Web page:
What you must do to prevent identity theft and stay safe online.
Digital paranoia has spiked due to the coronavirus pandemic, especially given the reports of superannuation scammers on the prowl, but there are measures you can take to improve your online security.
With everything from shopping to health and government services now conducted via the internet, it’s almost impossible to avoid using your computer, which means you’ll encounter hacks and scams. There are worries about the security of the COVIDSafe app; the rushed early superannuation release scheme was the target of fraudsters and the government in charge of it all miscalculated its JobSeeker outlay by just a lazy $60 billion.
It’s hard to trust!
But while no-one can guarantee internet security, there are sensible measures you can take to best safeguard yourself in an uncertain time. Here’s our favourite five:
Go online with family members or carers
Get advice and assistance from people you can trust – friends or family – who have more cyber awareness than yourself. They can help you get set up with any new programs you need to use, save you time, inform you about what to avoid and arrange passwords that you are less likely to lose.
UK not-for-profit getsafeonline says: “Having someone help you discover the internet means you can find out which websites are unsafe.
“It’s important you go online with someone you can trust, as they might know your passwords and details of your finances. If you’re considering using a carer, make sure they’re from a reputable company and try to keep your passwords and account information private.”
‘Phishing’ is explained by silverchain.org.au as “the attempt by scammers to trick you into giving out personal information such as your bank account numbers, passwords and credit card numbers”. The scammers will pretend to be from a legitimate business or service and could contact you via phone, email, text or social media.
You can spot if they are fakes if they ask for any personal details, such as bank or credit account numbers. They often say your account is overdue, you have won a prize or have suspicious activity on your account. Simple rule: do not respond to any such stimuli. If you have, pay close attention to the website. It is likely to look real, but have a slightly different address.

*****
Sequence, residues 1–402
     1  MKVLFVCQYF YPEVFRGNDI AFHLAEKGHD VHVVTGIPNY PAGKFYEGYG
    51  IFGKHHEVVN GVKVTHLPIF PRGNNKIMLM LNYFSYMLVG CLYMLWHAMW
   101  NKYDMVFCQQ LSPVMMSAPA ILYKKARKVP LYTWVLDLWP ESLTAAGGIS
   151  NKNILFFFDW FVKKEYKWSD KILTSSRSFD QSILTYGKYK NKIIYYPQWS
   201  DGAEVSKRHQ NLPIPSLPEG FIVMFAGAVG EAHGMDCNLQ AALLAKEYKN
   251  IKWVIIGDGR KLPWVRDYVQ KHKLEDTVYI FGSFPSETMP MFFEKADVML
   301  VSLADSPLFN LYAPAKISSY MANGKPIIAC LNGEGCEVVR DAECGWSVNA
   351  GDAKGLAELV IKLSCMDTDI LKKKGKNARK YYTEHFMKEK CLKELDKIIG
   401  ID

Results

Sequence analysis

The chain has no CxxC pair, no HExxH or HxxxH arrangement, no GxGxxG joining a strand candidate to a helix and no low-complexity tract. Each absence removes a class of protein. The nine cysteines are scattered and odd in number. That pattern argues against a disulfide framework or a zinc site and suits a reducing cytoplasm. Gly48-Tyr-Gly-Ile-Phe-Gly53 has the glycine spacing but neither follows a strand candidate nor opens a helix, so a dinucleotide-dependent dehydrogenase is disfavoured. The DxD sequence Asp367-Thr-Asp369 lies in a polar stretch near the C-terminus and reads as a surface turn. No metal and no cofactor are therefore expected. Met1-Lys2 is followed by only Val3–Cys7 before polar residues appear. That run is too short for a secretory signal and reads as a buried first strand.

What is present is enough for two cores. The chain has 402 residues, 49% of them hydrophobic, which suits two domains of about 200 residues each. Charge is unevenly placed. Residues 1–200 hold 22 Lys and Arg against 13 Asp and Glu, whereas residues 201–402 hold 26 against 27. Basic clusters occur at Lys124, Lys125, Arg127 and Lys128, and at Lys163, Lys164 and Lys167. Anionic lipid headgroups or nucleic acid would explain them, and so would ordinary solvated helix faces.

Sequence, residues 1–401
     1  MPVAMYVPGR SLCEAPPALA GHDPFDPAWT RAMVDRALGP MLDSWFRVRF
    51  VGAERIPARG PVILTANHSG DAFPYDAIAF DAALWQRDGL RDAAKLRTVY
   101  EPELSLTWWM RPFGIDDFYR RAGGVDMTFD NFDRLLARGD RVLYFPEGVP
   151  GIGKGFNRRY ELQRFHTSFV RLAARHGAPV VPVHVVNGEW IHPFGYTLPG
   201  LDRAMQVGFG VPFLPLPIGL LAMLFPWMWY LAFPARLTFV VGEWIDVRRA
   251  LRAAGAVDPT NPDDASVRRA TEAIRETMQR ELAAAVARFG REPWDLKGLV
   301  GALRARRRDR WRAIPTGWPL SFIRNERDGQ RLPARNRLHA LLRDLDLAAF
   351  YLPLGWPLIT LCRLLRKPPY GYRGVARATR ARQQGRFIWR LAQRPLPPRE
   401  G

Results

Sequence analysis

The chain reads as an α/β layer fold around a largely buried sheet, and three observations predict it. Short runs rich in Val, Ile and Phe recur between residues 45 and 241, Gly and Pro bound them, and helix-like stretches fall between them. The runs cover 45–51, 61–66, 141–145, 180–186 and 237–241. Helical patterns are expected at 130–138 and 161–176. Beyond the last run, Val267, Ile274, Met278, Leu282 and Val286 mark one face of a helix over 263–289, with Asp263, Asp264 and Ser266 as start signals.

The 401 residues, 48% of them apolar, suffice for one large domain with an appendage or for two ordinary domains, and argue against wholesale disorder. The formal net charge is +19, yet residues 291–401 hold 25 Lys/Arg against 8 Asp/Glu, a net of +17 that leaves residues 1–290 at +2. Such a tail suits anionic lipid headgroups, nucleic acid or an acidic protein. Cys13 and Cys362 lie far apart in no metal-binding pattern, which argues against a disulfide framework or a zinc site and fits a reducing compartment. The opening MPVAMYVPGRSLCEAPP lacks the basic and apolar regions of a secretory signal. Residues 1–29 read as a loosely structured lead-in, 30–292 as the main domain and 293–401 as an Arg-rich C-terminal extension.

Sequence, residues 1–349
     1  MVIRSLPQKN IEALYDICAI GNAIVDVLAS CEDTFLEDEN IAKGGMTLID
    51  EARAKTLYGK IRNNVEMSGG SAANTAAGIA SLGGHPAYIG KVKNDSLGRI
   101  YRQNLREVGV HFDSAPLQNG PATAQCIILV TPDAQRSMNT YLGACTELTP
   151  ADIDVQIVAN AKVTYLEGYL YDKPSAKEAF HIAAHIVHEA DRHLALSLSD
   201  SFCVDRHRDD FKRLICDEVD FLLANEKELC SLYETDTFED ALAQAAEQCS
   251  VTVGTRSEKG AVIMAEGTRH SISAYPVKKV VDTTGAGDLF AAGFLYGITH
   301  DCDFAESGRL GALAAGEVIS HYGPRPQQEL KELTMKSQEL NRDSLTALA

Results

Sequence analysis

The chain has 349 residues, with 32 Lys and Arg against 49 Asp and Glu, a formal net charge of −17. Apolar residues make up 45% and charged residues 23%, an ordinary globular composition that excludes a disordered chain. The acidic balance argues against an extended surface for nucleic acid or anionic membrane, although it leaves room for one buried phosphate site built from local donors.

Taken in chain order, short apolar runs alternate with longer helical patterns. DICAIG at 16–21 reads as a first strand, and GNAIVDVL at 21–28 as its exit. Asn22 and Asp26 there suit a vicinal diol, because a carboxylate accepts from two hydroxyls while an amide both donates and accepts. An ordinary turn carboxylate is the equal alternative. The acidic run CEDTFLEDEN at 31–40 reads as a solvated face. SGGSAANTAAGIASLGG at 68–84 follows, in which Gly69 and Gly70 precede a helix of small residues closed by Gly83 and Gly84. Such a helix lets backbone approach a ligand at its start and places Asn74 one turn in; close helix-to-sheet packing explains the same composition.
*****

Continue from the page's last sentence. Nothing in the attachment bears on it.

“You should always refuse, and then make your own call to the business they claim to be from. If it’s legitimate business and you have a registered account, they will be able to confirm your details to you, which is much safer,” advises silverchain.
From the Scamwatch website: “If the legitimate site is ‘www.realbank.com.au’, the scammer may use an address like ‘www.reallbank.com’.”
Be patient when buying online
Before making any undertaking, especially payment, take a breath. Shopping can be too good to be true online and there’s no salesperson in front of you to grill. There’s also not a physical product to evaluate with your senses, so silverchain.org.au suggests:
- Do your research. Reviews, comments, comparisons are all available online.
- Read product descriptions carefully and check the size, colour, value, and safety of the product.
- Pay using only secure services such as credit card or PayPal. If you are paying through a website, look for a small padlock symbol in the address bar or a web address beginning with ‘https://’ (the s stands for ‘secure’).
- Check for extra charges, such as postage and handling before confirming the purchase.
Consider getting a VPN
A secure VPN connection (virtual private network) enables a secure connection between your device and an internet server, so no-one can monitor or access the data that’s being exchanged. Yes, it’s another gadget to worry about, but once set up, it masks your IP address, protects your anonymity and secures your data.
As security experts Kaspersky point out, a VPN masks your online activity by routing your connection through a different server to the one on the network that you’re using. “A VPN creates a virtual encrypted route between your computer and the server. This makes it impossible to know the origin of anything you type.
“Even if you're accessing a wifi network that a cybercriminal has set up, your information still isn’t visible to them. You simply need to connect to your VPN program as the first step after logging on to an unsecured Internet server.”
Be socially smart
If you use social media sites to connect with others, think about what you want known about yourself. The National Cybersecurity Alliance reminds us:
- What you post lasts forever. Your message may inadvertently share personal details with strangers. Make sure you either post what is safe or control privacy and security settings so that only trusted friends and family see information that shows you, your family, and your home.
- Post only about others as you would like to have them post about you: The golden rule applies online as well.
Have you had any ‘mishaps’ during lockdown as a result of spending more time online? Do you have any other tips to stay safe online?
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